Guest author Daryl Hitchcock, TOK Department Chair at Leysin American School, provides us with a detailed account on how a map can be used as a helpful metaphor for examining knowledge in TOK.
Renowned scientist and author Freeman Dyson’s insightful reflections on how underlying economic motivations often drive scientific inquiry provide lots of great ideas for a great extended essay in economics, geography, ESS, and more.
Ideas Roadshow’s first live online TOK event focuses on the upcoming changes to the TOK curriculum and the origins of TOK.
Integrating TOK in history featuring Prof. David Cannadine, Princeton University. In what ways does historical knowledge progress?
UC San Diego linguist Carol Padden reflects on the impact our modern technological era is having on linguistic diversity around the world.
Three more key points that students should take into account in the construction of their TOK essay – no matter which title they have chosen.
How does contact with other cultures change our own? TOK integration in World Religions featuring the enlightening research done by Prof. David Hollinger, UC Berkeley.
Research ideas related to Prof. Andy Hoffman’s description of concrete measures needed to reinvent our current power grids to make them more efficient and environmentally-friendly.
TOK integration in physics featuring astrophysicist Scott Tremaine, Institute for Advanced Study: To what extent can we determine if what we observe is an inevitable consequence of a fundamental law or simply happenstance?
Research ideas related to Prof. Paul Steinhardt’s Indiana Jones-style discovery of quasicrystals, solids whose atomic arrangements violate centuries-old laws of physics and crystallography.
Exploring the key notion of necessary and sufficient conditions and the difference between “depending” and “wholly depending”.
TOK integration in psychology: Prof. Matthew Walker on the nature of appropriate evidence for a scientific theory. Under what circumstances do authority figures inhibit the development of knowledge?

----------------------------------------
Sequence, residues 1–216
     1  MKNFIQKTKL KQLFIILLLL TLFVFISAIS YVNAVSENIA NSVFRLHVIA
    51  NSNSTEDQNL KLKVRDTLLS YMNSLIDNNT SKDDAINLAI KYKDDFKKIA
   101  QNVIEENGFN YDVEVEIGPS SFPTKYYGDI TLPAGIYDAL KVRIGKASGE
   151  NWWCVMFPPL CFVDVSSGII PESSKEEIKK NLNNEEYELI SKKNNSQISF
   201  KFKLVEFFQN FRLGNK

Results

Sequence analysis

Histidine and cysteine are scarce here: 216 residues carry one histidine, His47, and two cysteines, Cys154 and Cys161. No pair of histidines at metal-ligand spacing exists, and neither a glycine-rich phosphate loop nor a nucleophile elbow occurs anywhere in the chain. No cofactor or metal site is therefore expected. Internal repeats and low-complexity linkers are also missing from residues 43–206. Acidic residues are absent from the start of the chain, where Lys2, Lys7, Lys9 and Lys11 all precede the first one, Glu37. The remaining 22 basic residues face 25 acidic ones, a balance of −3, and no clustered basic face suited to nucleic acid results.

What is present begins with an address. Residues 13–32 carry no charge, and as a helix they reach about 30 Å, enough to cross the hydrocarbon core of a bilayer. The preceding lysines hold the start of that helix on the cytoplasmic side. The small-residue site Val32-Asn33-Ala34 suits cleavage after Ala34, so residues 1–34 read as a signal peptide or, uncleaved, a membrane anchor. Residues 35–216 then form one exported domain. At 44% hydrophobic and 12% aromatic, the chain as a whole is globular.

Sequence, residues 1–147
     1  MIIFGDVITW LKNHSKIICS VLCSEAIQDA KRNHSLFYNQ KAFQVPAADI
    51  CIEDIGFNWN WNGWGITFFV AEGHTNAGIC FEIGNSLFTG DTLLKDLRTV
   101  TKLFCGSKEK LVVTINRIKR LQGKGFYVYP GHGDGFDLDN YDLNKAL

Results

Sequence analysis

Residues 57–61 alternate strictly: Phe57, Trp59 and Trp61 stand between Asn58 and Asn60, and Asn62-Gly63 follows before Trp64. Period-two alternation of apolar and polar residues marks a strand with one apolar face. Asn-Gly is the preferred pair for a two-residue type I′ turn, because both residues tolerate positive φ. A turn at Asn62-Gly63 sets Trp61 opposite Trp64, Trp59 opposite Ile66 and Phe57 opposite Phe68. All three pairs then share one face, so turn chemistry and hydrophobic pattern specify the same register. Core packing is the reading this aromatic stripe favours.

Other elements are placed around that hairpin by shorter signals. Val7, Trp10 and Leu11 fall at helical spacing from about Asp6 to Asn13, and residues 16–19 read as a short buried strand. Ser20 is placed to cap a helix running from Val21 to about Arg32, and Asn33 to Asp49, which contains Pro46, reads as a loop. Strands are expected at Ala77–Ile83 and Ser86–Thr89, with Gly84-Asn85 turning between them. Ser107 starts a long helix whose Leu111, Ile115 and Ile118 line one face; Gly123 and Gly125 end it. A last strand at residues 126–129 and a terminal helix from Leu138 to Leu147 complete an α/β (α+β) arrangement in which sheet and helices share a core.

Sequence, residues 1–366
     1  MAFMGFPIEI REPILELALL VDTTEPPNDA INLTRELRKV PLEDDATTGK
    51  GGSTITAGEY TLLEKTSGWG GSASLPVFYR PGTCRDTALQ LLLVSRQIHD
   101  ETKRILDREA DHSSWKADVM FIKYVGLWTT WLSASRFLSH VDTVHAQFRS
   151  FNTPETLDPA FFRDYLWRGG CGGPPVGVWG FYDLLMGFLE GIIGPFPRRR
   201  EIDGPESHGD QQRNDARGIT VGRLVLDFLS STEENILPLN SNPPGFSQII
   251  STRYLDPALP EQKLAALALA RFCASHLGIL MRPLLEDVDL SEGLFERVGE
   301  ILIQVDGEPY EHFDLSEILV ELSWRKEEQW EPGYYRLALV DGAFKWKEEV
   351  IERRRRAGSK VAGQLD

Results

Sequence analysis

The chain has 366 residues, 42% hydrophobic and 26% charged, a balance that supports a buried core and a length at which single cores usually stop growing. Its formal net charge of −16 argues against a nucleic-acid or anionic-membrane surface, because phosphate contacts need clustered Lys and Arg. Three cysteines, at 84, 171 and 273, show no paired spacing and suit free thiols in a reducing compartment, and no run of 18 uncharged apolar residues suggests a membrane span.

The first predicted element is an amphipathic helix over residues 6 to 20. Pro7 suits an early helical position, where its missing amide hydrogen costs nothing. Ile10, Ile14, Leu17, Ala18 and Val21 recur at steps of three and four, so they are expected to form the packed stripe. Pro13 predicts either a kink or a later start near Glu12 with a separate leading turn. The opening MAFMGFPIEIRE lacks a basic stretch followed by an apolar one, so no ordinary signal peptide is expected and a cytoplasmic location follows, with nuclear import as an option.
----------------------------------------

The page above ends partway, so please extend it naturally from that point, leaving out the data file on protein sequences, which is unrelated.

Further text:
Pioneering quantum cryptographer Prof. Artur Ekert and the notion of computational complexity, a way of objectively distinguishing between “easy” and “hard” mathematical problems.
TOK Integration across the DP curriculum featuring Prof. Elyn Saks, University of Southern California: How do we know when common societal stereotypes are false?
Great research ideas related to The Anthropic Principle featuring Noble Laureate Tony Leggett with several areas of investigation highlighted.
Tackling prescribed title 4 while exploring the difference between an analytic approach and plunging into the world of analogies.
Integrating TOK in history, global politics and philosophy featuring UC Berkeley intellectual historian Martin Jay: How do we know when our collective moral standards are slipping?
Highlighting different ways of looking at PT 3 with specific suggestions for students while exploring how we can be sure that we think that something matters.
The real-world connection between TOK and physics featuring Prof. Justin Khoury, University of Pennsylvania: Under what circumstances can examining the past help guide future discoveries?
Research ideas: investigating the phenomenon of “phantom limb pain” which can be used to probe a wealth of issues related to the structure of our brains.